Lake Victoria - Africa’s largest lake and a livelihood to over 40 million people has over the years been threatened by water hyacinth. The invasive species spreads across the surface of the lake, threatening the lake’s flora, fauna and the livelihood of its surrounding inhabitants.
A Kenyan startup, CIST east Africa, has taken the advantage of the fast sprouting weed to produce bio-ethanol energy cooking fuel. It uses the water hyacinth as its raw material to produce the fuel known as Super Moto; which is branded and packed as a household cooking fuel to give low income households a safe and cheaper alternative cooking fuel.
About 40% of global households rely on biomass energy for cooking, with the most affected countries being in Africa and Asia. This exposes mostly women and children to diseases affiliated with indoor air pollution.
As the global population continues to rise, so does the demand for cheap energy. The United Nation’s SDG goal number seven aims to ensure access to affordable, reliable, and clean energy services by the year 2030.
The company’s managing director; Richard Arwa says Super Moto will solve environmental degradation and health issues associated with the use of biomass fuel, consequently saving lives, time and cost, as it is a cheaper alternative.
“We conducted a market acceptability experiment using 100 households during the initial stages of the product commercialization. Surprisingly, 85% of the households were impressed and are now our reliable customers. We have received an overwhelming demand from big companies and suppliers for the product as well,” Arwa Says.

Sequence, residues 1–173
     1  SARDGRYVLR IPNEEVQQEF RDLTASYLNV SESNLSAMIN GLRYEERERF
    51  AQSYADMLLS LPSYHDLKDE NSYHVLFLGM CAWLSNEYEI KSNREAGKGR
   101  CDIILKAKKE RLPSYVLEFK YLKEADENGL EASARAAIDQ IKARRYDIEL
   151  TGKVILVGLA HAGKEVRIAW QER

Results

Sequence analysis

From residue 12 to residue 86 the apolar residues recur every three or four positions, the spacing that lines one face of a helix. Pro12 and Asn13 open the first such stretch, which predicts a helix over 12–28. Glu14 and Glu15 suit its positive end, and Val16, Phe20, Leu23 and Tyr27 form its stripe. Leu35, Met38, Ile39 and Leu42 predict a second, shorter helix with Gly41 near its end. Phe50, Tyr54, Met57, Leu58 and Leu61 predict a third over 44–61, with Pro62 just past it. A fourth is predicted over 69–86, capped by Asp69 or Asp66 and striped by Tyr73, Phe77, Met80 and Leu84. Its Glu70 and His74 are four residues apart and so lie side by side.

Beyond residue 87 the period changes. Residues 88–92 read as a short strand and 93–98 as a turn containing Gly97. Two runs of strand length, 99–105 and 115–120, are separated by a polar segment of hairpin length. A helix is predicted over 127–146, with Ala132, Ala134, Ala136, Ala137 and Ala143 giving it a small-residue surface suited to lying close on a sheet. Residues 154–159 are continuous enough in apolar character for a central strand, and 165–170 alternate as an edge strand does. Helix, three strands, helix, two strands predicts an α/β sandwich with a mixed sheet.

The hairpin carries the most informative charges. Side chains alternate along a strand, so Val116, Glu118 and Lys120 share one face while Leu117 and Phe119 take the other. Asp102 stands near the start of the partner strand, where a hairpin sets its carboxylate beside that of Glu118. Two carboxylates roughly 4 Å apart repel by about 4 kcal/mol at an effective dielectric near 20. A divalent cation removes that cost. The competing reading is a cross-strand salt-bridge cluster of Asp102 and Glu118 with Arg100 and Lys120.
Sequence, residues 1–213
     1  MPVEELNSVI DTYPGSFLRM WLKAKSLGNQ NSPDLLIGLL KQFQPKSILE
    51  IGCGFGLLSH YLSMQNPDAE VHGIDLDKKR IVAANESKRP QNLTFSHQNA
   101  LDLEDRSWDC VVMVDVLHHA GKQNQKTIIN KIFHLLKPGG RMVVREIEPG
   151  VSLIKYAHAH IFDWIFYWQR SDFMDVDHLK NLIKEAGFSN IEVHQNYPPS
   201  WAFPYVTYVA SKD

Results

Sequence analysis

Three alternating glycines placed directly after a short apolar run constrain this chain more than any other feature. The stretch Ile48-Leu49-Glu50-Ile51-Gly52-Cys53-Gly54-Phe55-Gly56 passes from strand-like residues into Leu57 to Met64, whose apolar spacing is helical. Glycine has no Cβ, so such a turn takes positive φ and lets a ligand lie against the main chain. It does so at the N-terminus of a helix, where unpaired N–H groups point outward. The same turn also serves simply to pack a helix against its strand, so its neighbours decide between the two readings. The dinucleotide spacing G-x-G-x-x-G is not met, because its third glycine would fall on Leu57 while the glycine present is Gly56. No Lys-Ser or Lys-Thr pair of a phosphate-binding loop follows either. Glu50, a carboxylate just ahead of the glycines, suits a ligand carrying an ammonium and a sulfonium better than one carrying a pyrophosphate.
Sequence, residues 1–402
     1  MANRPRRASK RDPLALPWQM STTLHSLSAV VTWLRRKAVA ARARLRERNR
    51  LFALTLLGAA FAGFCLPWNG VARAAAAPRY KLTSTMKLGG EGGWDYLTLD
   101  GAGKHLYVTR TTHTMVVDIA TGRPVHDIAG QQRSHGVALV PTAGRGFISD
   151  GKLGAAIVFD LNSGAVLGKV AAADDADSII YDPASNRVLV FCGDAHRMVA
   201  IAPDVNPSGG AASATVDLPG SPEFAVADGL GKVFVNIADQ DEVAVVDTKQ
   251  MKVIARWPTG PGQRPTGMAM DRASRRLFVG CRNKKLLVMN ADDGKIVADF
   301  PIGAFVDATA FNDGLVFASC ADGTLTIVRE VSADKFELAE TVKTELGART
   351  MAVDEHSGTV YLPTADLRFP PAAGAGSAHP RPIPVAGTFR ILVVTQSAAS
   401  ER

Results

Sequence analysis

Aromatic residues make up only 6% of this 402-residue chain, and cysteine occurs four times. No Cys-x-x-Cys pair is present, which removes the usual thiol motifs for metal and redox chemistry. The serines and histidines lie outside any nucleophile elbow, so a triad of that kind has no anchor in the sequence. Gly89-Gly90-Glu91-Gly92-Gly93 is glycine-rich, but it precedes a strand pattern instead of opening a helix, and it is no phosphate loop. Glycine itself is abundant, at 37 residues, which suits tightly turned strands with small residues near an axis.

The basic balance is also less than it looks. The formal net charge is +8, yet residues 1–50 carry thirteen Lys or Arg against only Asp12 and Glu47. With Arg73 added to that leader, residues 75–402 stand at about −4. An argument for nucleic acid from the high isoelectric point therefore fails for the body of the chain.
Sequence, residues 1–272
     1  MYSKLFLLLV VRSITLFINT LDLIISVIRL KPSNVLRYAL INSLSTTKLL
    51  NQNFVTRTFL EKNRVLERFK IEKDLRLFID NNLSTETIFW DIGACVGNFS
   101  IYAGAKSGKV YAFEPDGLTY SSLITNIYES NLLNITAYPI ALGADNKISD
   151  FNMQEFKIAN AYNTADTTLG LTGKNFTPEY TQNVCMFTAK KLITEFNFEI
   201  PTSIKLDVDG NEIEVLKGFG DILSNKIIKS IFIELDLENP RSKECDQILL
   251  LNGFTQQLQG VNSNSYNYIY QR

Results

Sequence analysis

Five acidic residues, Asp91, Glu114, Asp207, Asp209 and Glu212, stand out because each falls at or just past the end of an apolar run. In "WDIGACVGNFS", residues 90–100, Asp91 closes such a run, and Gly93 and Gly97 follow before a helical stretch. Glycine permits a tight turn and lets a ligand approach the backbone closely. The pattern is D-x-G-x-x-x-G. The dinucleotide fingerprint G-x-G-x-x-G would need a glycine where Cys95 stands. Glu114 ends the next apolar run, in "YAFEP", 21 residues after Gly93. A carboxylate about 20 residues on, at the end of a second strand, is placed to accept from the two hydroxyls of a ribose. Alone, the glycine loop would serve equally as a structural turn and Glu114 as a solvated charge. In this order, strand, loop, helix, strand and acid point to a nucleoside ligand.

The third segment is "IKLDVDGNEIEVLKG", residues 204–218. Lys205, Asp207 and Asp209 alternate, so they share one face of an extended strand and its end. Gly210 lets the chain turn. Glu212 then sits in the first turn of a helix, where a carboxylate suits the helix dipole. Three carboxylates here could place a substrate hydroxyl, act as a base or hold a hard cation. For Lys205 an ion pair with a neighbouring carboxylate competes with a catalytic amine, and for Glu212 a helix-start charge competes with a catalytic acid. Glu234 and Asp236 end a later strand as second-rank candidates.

The startup is a beneficiary of the Leadership in Innovation Fellowship (LIF) programme (2018/2019) cohort, and Arwa says the programme run by the Kenya National Innovation Agency (KeNIA), in collaboration with the Royal Academy of Engineers was an eye opener to him.
Richard with KeNIA CEO, Dr Omwansa, during a field visit
“This is one of the best eye opening programmes I have gone through in my innovation journey. We got good training and we’ve made proper networks, I’ve met a lot of entrepreneurs and investors across the world.”
“We had just developed the prototype when we joined the LIF programme. Through the training, we managed to refine our prototype to come up with a viable product. We were also challenged to register our business, which we did afterwards.”
The company which was initially producing 100 liters of bio-ethanol cooking energy per day has increased production to about 450 liters per day, in addition to selling 540 special ethanol stoves.
Arwa however says they are aiming at upscaling the production even further.
“We are looking to upscale production from the current 450 litres per day to 1,200 liters per day and make it accessible to 36,000 households in the next 5 years. In the next 12 months we are planning to establish a qualitative laboratory that will help us improve efficiency in production and thus avoid wastage of materials.”
The startup has collaborated with Maseno University and the Kenya Industrial Research and Development Institute (KIRDI), to conduct research on alternative raw materials for production of the bio-ethanol fuel.
The company majorly supplies Kakuma refugee camp, and has acquired a re-segmented market in Busia and Bungoma counties, and Arwa is optimistic that such practical actions will enable them recruit and together with strategic partners like KeNIA, train100 entrepreneurs who will supply their products across the target markets.